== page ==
The traditional way of pursuing a career — going to college, building a strong résumé — might get you in the door at Google. But right beside you might be someone who took a completely different path.
New York Times columnist Thomas L. Friedman explored the company’s hiring theories in a two-part feature titled “How to Get a Job at Google” (here’s part one and part two), in which he talked shop with Laszlo Bock, Google’s senior vice president of people operations.
Some of the company’s practices might seem counterintuitive, including an increase in hiring those who did not attend college. Bock emphasizes that degrees and high grade point averages certainly help, but students that target their careers with the right degree path and work ethic have an advantage.
“My belief is not that one shouldn’t go to college,” Bock says. “Most don’t put enough thought into why they’re going, and what they want to get out of it. The first and most important thing is to be explicit and willful in making the decisions about what you want to get out of this investment in your education.”
Following is more from Bock and Friedman about getting on at Google. Much of it also applies easily to people seeking their first job in sales.
On résumes and interviews: Most résumés are lacking the proper detail and content, Bock says. He presents it as a formula: “I accomplished X, relative to Y, by doing Z.” Using Friedman’s position with the Times as an example, he shows how that works. Instead of “Wrote editorials for The New York Times,” he offers “Had 50 op-eds published compared to average of 6 by most op-ed [writers] as a result of providing deep insight into the following area for three years.”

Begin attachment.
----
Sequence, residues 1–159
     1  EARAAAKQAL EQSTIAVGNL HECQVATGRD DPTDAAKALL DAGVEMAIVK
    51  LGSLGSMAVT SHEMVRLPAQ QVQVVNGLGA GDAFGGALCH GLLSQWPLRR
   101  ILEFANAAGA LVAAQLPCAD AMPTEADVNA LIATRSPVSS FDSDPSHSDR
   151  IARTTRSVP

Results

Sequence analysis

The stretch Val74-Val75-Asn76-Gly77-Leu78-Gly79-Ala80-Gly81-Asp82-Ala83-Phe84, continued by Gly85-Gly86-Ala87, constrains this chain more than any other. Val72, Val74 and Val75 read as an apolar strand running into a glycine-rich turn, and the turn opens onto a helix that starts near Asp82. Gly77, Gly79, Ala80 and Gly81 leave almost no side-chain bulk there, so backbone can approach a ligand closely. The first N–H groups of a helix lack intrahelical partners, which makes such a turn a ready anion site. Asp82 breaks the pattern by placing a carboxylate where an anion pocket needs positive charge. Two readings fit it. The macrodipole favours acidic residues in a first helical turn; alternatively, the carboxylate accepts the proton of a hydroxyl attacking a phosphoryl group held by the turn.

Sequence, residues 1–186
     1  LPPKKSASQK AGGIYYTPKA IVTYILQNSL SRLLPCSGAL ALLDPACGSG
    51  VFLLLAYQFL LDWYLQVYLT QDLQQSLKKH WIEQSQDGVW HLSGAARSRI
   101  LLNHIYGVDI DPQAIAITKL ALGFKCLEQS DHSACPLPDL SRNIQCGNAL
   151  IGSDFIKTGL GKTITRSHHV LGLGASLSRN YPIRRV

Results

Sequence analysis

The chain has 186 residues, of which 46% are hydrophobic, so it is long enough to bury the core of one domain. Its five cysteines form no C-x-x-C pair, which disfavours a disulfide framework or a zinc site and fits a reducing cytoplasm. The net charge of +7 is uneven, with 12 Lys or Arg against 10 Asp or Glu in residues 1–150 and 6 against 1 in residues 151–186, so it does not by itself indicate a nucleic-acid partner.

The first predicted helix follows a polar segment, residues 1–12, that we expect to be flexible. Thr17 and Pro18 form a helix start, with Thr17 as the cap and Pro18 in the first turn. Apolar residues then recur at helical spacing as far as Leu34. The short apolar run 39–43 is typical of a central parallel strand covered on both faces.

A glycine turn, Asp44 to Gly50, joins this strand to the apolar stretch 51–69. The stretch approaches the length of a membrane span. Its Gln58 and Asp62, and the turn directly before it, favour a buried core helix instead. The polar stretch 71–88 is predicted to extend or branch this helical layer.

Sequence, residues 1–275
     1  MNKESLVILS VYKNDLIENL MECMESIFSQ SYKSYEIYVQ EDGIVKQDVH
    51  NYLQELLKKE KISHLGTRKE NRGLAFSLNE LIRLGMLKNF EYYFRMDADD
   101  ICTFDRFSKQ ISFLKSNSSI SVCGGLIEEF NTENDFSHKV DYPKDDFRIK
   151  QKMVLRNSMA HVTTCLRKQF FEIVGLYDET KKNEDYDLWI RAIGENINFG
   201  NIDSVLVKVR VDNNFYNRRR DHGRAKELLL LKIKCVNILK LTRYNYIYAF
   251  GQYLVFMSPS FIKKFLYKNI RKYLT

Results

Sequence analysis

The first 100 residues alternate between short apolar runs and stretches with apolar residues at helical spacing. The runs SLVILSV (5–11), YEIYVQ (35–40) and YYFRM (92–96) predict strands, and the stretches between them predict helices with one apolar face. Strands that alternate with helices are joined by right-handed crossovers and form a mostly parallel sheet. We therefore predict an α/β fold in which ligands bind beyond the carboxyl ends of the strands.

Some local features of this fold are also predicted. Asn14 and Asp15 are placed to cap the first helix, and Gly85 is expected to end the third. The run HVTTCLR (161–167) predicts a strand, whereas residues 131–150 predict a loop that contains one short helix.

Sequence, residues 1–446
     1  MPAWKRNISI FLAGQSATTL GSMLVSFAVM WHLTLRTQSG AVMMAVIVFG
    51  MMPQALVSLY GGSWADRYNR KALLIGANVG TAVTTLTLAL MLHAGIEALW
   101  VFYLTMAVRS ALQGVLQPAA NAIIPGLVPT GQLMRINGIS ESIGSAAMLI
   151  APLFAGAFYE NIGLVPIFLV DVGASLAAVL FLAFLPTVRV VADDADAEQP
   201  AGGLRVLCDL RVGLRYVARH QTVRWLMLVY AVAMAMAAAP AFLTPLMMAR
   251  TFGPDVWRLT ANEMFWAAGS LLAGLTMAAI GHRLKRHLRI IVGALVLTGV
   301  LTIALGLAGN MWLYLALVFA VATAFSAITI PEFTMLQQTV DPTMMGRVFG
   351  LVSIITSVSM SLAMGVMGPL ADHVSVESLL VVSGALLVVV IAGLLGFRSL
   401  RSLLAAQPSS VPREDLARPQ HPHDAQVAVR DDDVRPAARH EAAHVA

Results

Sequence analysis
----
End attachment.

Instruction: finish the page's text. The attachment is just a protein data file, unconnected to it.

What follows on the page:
Similarly, Bock explains that in job interviews, candidates should detail the thought process behind their professional or academic achievements. “What you want to do is say: ‘Here’s the attribute I’m going to demonstrate; here’s the story demonstrating it; here’s how that story demonstrated that attribute.’”
What Google looks for in a job candidate:
General cognitive ability – Bock explains that this is the ability to learn. “It’s the ability to process on the fly,” he says. “It’s the ability to pull together disparate bits of information. We assess that using structured behavioral interviews that we validate to make sure they’re predictive.”
Leadership – Google wants “emergent leadership,” Bock says. A VP of sales title is great, but they’re looking for more. “What we care about is, when faced with a problem and you’re a member of a team, do you, at the appropriate time, step in and lead,” he says. “And just as critically, do you step back and stop leading, do you let someone else? Because what’s critical to be an effective leader in this environment is you have to be willing to relinquish power.”
Ownership and humility – Bock says the goal is to work together. Contribute your portion and let others do the same. “Without humility, you are unable to learn,” he says.
Expertise – What might be first on many companies’ list is fifth on Google’s. The previous four elements take priority, Bock says.
And also, grit – Bock dissected a Wall Street Journal story from 2011. It detailed how a college student changed majors — from electrical and computer engineering to psychology — because she found the former classes to be too hard. In the process, she changed her career goal to public relations and human resources. “I think this student was making a mistake,” Bock says. “She was moving out of a major where she would have been differentiated in the labor force.”